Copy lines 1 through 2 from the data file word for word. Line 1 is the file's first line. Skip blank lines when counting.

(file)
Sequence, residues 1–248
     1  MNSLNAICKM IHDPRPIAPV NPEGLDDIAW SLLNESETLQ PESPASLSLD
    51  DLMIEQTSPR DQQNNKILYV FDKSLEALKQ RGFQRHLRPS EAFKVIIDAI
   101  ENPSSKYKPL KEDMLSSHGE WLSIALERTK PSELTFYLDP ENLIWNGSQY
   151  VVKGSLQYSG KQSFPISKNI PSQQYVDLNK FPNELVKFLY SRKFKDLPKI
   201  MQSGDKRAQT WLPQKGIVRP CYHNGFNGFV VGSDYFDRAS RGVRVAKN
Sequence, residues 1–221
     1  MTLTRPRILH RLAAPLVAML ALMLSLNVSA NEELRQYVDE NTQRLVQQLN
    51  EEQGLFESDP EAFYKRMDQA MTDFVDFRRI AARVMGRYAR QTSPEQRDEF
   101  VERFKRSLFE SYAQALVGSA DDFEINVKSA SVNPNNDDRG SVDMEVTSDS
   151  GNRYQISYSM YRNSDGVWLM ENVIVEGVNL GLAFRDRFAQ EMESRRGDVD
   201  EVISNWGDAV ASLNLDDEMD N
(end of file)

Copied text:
Sequence, residues 1–248
     1  MNSLNAICKM IHDPRPIAPV NPEGLDDIAW SLLNESETLQ PESPASLSLD